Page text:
Pictured – Greg Bellow as a toddler in his father’s arms
Saul Bellow’s Heart by Greg Bellow Bloomsbury $26.99
Greg Bellow first heard of his father, Saul Bellow’s, death on the car radio. The media were informed before the family. At Saul Bellow’s funeral, the eulogies were given by luminaries such as author Martin Amis, Bellow’s literary “son”, but none of his own three sons were asked to contribute. Over the ensuing weeks, tributes flowed incessantly from writers, such as Philip Roth, who had been mentored by Bellow and by his many friends. So orchestrated were these testaments of public grief, that Greg Bellow wondered: “What is it with all these filial narratives? After all, he was my father! Did they all have such lousy fathers that they needed to co-opt mine?”
Greg Bellow’s memoir, Saul Bellow’s Heart is a poignant cri de coeur of what it was like growing up in the shadow of that huge literary presence, and monumental ego. It’s a commonplace that just because you may be a great writer, you are not necessarily a great human being. Greg Bellow’s warts-and-all account of his father is refreshingly honest. Life was not easy with a man who was affectionate and easy to love but who expected much and often gave little in return. Greg Bellow recounts the many hours he spent as a child waiting for his father to finish writing in his locked study after being promised an outing that never eventuated. Saul’s Bellow’s gravestone simply states he was a “Writer”, not that he was also a “father”. Reading between the lines, it’s clear Greg Bellow ruefully understands where Saul’s priorities lay.
For a long time, Greg Bellow tried to separate his father’s public and private personae. This was partly out of respect for Saul’s privacy but also his own peace of mind. The older son of Saul Bellow’s first marriage, Greg’s early years were spent out of the spotlight, as his father struggled to write. But after the publication of The Adventures of Augie March in 1953, Saul Bellow’s star rose. By the time Herzog was published in 1964, he was not only world-famous but hailed by Time magazine as an icon of American literature. As Martin Amis wrote in The Atlantic Monthly: “The Adventures of Augie March is the Great American Novel. Search no further.” Bellow’s Nobel Prize win in 1976 cemented his greatness.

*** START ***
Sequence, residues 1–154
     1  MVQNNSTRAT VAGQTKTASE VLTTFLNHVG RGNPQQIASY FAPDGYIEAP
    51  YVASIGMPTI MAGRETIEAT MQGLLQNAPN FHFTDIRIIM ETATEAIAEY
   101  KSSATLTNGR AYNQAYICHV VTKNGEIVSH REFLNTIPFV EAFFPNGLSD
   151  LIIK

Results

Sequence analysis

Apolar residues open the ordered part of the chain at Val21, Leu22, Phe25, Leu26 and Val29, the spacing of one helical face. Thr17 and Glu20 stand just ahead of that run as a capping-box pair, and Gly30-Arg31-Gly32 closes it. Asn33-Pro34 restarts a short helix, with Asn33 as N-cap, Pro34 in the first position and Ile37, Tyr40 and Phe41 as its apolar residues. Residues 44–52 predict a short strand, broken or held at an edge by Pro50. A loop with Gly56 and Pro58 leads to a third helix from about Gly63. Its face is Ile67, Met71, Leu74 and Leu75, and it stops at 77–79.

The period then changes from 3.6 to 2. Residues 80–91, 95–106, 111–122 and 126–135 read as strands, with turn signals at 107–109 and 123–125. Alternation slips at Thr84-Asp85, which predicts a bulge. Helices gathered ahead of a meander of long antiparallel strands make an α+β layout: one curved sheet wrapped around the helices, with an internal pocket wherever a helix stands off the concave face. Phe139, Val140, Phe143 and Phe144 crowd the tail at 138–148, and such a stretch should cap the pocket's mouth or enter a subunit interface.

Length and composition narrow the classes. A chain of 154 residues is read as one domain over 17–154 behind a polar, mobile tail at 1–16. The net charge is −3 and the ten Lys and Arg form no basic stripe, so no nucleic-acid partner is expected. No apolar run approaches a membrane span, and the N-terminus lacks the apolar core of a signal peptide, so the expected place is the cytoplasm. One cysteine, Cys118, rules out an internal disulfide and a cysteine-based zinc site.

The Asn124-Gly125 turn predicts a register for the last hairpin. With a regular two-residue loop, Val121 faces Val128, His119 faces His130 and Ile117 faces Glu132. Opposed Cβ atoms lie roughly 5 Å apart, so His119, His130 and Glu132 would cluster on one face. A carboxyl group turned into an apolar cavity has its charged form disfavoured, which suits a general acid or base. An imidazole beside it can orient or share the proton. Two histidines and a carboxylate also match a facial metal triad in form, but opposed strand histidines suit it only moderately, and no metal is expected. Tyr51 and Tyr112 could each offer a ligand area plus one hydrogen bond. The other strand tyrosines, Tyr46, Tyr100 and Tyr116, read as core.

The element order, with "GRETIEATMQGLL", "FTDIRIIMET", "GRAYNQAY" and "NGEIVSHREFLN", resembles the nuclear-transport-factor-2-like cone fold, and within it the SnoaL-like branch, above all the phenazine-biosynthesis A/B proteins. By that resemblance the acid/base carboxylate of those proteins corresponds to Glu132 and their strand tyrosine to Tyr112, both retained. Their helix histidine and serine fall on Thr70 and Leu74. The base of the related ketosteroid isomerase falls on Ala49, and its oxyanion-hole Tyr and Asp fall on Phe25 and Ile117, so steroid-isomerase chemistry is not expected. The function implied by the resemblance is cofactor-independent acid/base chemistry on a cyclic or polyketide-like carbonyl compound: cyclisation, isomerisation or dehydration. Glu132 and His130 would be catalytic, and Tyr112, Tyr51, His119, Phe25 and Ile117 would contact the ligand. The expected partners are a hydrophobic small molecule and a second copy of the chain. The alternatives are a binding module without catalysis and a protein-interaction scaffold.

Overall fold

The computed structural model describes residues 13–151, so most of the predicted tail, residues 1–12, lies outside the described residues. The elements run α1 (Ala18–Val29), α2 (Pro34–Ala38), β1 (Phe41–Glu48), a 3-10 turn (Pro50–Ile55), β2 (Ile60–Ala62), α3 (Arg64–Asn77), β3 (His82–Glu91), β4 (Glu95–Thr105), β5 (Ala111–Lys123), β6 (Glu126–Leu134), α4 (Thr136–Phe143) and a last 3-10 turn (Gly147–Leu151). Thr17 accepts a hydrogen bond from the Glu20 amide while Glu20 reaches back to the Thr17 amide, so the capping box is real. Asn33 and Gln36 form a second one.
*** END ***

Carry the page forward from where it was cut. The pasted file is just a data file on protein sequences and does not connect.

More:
For Greg, Saul’s rise to international prominence saw him change from the “young Saul” – warm, left-leaning, bohemian, tolerant – to “old Saul” – grumpy, conservative, arrogant and reactionary. It was the time of anger and recrimination. Greg, who had absorbed tolerance and liberalism in his childhood from both parents, could not accept “old Saul’s” right-wing views and the two were estranged for a time. Greg was also furious that Saul did not attend the marriage of his own granddaughter, Greg’s daughter Juliet. It was only later that he realised Saul was trying to cover up the muddle-headness that was besetting him in old age and did not wish to make a public appearance. Though reconciled at the end, their relationship was frequently a bumpy one.
This is also a memoir of justification – Greg is very keen to point out his own financial independence (he was a successful psychotherapist for over 40 years). This is particularly relevant in view of his complex family history: Saul Bellow married five times. There were sons from the first three marriages, and a daughter with his last wife, Janis, forty years his junior. Janis became the executor of Saul’s estate after his death in 2005 and unpleasant family feuds and legal battles ensued amongst the siblings. Greg makes it clear he wanted no part in this and that he loved his father for himself alone. Part of the rationale for writing this book was to put forward his own personal view of a brilliant and difficult man.
There are many anecdotes in this memoir that shed light on Bellow’s personality: crying in the car after yet another row with his own father; the spirited, extended family dinners with everyone speaking Yiddish and talking at once; even the amusing snapshot of Saul’s sister falling asleep during the Nobel Prize ceremony, so interminably long were the speeches. Yet Greg Bellow never reconciles himself to the fact that as a public figure, his father was shared by many others, and this memoir quivers frequently on the verge of resentment.
This, then, is his final judgement of his father: “He was a man who lived for a singular creative purpose; a man who struggled with his deepest emotions; an author touched with literary genius; an authority with wisdom to impart; a father recently passed away; a father largely absent but emotionally present; and a man, father, and husband who promised more than he could deliver. And I was his little boy: a boy who felt deeply cared about; a grown son deeply influenced by the kind of love he received; and a man wrestling with the challenges of relating to a difficult father who walked away from shared family ideals.”